Archive for October, 2012

Bring Me to Wonderland With These Beautiful Photographs

Lately I’ve been thinking about the history of my eye. Not my physical eyeball, which would be a sad tale of a progressive descent into blindness. And not a Georges Batailles-like surreal exploration of sexuality, either, a la The Story of An Eye! (Eek!) No, more about what I find visually appealing, and where my tastes and sensibilities are rooted in.

Far as I can tell, there’s a few strands I find particularly appealing: a very 90s, grunge-influenced aesthetic that prized a kind of riveting authenticity above prettiness; rhapsodic, almost abstract nature images, a la Terrence Malick; French New Wave and 1930s Hollywood films; and finally, a kind of whimsical, fantastical tableaux, where images are dreamy, influenced by fashion and fantasy, but with a twist of darkness, melancholy, or general teen angst moodiness. Maybe like if Sofia Coppola directed “Twilight.” (Not as outlandish as you’d think — she was in consideration for the directing job for the sequels.)

Considering this last strain, I recently came across these photographs by D.C.-based photographer Cade Martin (via Maria Popova’s Brainpickings site) and kind of went into mad-crush mode on them. Part of a series of images featuring dancers of the Washington Ballet, they’re in the whimsy-fantasy mode that I like so much, and remind me a bit of Tim Walker’s photography (which, if you know me from nogoodforme.com, you know I love.)

I love the fairytale-like feel in this work, but I also love its stripped-down elegance — so many fantasy images can feel so stuffy and overstyled, but these are decidedly not, picking up their airy, slightly uncanny feel from how they’re lit and framed. (I like it when a work has air to breathe, you know?)


On Time and Its Many Guises

I started wearing a wristwatch recently. It is nothing special, just one of those models that is man-sized but styled for women. But I like it a lot: it’s a metallic rose-gold band with a standard, not digital, face, just a little large for my small wrist. It fits much more like a bracelet than a watch as a result, and I like to layer other gold-tone bracelets with it. But even on its own, it’s pleasantly heavy.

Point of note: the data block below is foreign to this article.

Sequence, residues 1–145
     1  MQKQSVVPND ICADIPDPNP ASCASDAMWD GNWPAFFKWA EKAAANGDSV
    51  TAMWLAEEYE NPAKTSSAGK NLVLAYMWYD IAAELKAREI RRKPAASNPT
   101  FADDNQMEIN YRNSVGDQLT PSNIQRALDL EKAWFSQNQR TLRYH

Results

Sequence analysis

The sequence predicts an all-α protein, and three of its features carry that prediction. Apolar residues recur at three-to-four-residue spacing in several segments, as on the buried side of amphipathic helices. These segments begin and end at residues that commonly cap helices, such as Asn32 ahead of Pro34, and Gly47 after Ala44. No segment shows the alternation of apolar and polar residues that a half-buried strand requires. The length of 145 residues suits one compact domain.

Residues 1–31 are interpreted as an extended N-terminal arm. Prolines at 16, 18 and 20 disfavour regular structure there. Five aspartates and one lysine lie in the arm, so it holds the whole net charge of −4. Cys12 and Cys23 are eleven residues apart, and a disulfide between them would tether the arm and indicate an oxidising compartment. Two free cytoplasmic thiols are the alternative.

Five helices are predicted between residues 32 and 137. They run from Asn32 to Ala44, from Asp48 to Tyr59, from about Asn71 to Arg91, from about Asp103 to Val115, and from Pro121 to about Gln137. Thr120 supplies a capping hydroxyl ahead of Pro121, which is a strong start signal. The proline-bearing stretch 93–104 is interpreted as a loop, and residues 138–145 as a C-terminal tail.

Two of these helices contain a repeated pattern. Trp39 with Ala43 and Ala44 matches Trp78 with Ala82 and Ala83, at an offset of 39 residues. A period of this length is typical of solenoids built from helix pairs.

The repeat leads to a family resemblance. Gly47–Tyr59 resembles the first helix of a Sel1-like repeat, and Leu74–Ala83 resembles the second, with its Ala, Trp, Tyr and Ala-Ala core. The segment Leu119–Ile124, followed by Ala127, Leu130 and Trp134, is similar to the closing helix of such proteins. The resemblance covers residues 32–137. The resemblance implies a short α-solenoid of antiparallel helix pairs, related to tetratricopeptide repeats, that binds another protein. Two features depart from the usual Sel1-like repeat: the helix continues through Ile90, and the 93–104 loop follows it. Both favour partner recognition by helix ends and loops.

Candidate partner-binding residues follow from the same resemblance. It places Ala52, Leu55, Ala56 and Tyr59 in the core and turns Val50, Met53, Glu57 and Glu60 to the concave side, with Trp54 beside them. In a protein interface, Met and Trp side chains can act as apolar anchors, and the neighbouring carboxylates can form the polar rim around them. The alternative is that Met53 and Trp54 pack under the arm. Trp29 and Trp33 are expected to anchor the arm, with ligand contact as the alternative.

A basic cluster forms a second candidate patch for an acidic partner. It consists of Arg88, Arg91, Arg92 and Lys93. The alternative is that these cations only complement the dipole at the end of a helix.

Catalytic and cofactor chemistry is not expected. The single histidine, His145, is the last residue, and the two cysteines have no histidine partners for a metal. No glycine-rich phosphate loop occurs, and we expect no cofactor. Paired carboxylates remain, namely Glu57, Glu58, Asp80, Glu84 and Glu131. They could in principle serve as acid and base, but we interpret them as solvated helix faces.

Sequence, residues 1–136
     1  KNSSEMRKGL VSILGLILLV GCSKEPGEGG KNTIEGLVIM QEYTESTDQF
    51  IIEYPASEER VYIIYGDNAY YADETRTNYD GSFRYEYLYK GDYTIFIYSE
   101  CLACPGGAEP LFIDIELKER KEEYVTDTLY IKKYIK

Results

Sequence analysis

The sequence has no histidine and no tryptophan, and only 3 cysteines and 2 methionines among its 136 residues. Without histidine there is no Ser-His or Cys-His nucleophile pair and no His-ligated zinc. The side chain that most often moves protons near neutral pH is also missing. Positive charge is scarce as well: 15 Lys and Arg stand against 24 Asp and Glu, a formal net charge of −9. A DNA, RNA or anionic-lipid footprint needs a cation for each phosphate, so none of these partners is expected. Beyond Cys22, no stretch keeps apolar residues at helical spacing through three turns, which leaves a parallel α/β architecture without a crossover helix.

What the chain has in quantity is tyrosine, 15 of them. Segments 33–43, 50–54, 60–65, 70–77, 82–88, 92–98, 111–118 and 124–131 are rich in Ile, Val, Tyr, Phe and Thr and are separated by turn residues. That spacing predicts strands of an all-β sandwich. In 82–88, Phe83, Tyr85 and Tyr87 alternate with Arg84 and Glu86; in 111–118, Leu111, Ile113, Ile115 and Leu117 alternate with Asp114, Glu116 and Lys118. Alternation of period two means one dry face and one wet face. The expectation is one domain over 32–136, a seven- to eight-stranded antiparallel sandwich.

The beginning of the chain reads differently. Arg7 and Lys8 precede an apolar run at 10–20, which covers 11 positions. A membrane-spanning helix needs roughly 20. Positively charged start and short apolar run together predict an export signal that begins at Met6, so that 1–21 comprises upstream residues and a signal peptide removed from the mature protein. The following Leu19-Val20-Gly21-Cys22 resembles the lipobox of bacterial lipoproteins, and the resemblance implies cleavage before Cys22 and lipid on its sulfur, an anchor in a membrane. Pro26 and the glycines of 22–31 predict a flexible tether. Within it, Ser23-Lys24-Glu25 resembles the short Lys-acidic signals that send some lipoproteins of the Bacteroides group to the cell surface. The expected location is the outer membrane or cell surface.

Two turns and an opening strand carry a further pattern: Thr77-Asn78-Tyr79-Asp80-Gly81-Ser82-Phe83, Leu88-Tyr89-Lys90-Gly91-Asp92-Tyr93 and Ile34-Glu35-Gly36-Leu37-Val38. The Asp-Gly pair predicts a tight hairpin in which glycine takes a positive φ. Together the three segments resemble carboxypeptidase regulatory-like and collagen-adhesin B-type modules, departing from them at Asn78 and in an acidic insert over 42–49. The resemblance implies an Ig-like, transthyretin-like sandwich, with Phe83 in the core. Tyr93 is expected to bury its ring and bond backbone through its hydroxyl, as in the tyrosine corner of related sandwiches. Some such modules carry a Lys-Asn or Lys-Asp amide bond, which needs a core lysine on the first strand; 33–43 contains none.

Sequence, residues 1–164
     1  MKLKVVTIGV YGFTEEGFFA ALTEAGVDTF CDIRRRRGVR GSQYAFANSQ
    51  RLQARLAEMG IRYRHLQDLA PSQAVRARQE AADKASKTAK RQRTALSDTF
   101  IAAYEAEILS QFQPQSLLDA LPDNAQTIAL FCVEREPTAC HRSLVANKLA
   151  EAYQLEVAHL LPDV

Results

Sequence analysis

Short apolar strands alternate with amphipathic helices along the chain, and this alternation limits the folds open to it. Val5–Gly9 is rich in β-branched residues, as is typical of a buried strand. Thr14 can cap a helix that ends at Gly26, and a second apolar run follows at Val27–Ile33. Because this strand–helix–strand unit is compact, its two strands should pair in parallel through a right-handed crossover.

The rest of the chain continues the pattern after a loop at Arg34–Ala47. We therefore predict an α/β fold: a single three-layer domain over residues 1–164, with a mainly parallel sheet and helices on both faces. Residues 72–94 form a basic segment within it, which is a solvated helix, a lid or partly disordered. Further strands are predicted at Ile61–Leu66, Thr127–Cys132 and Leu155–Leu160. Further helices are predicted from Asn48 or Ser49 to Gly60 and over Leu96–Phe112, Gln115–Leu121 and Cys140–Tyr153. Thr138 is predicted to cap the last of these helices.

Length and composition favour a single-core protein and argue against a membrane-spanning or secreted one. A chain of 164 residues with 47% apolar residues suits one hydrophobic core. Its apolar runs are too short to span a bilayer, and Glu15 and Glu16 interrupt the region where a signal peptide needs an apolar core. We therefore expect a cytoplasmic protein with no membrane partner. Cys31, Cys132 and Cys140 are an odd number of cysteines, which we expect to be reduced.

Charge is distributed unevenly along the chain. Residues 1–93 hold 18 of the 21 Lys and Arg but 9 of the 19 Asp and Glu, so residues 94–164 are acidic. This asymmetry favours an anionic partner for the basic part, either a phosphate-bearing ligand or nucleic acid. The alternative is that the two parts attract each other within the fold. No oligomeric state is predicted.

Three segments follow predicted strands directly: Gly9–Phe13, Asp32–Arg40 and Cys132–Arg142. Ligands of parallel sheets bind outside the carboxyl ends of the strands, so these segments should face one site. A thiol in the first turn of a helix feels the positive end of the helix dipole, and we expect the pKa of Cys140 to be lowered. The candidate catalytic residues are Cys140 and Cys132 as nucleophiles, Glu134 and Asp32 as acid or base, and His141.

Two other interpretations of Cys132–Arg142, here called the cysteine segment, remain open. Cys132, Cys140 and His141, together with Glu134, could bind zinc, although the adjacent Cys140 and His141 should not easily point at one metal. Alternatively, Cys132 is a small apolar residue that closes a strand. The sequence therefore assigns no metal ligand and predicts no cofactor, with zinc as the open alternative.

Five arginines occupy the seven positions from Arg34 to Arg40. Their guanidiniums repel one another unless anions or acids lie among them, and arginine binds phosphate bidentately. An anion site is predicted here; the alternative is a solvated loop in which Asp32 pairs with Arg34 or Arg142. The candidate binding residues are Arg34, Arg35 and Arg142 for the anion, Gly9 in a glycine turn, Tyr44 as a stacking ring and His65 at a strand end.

I started wearing it because I was tired of digging my cell phone out of my bag to look at the time, pawing through notebooks, gadgets, makeup bags, and whatever scraps I’ve accumulated over the day just to get to it. (I know I shouldn’t have so much stuff in my bag, but I can’t help it: I’m like a turtle, only I carry my office with me everywhere.) Besides, wearing a watch is an opportunity for an elegant gesture: I like pulling up a sleeve and delicately flexing a wrist to accomplish such a mundane task as checking the time.

Beyond fashion and the theater of self-presentation, however, I noticed that wearing a watch has softened my relationship to time. There’s something gentler about seeing non-digital time. I’m trying to think of a situation in life where knowing the time was exactly 8:48 was useful. Honestly, I can’t think of any — knowing that it’s about 10 till is enough.

I’ve been thinking about time lately. I throttle through my days, and at night sometimes I lie in my bed and feel my body still racing through the minutes. Like existential jet lag, in a way: my mind is a million paces ahead trying to anticipate the next hour’s challenges, and underneath it all my spirit is holding on quietly for me to sit down for a moment and let it catch up. I imagine it like a hedgehog, scurrying along trying to catch up to some much quicker, nervier creature — a deer, maybe — and just as it reaches its destination, the deer is off again, racing through the days. My mind’s pace is quicker than my spirit’s, and sometimes the split feels problematic in a way that worries me.